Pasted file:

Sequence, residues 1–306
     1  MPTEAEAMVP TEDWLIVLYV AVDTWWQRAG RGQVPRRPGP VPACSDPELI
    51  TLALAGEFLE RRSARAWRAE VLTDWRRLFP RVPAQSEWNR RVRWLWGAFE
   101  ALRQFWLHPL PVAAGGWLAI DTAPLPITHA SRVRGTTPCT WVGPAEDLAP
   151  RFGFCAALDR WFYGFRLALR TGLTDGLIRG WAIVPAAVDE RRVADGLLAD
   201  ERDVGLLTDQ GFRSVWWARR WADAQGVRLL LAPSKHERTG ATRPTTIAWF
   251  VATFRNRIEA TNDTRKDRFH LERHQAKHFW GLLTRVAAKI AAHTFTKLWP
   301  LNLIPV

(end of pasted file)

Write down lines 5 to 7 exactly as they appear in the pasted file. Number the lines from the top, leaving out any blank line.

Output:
   151  RFGFCAALDR WFYGFRLALR TGLTDGLIRG WAIVPAAVDE RRVADGLLAD
   201  ERDVGLLTDQ GFRSVWWARR WADAQGVRLL LAPSKHERTG ATRPTTIAWF
   251  VATFRNRIEA TNDTRKDRFH LERHQAKHFW GLLTRVAAKI AAHTFTKLWP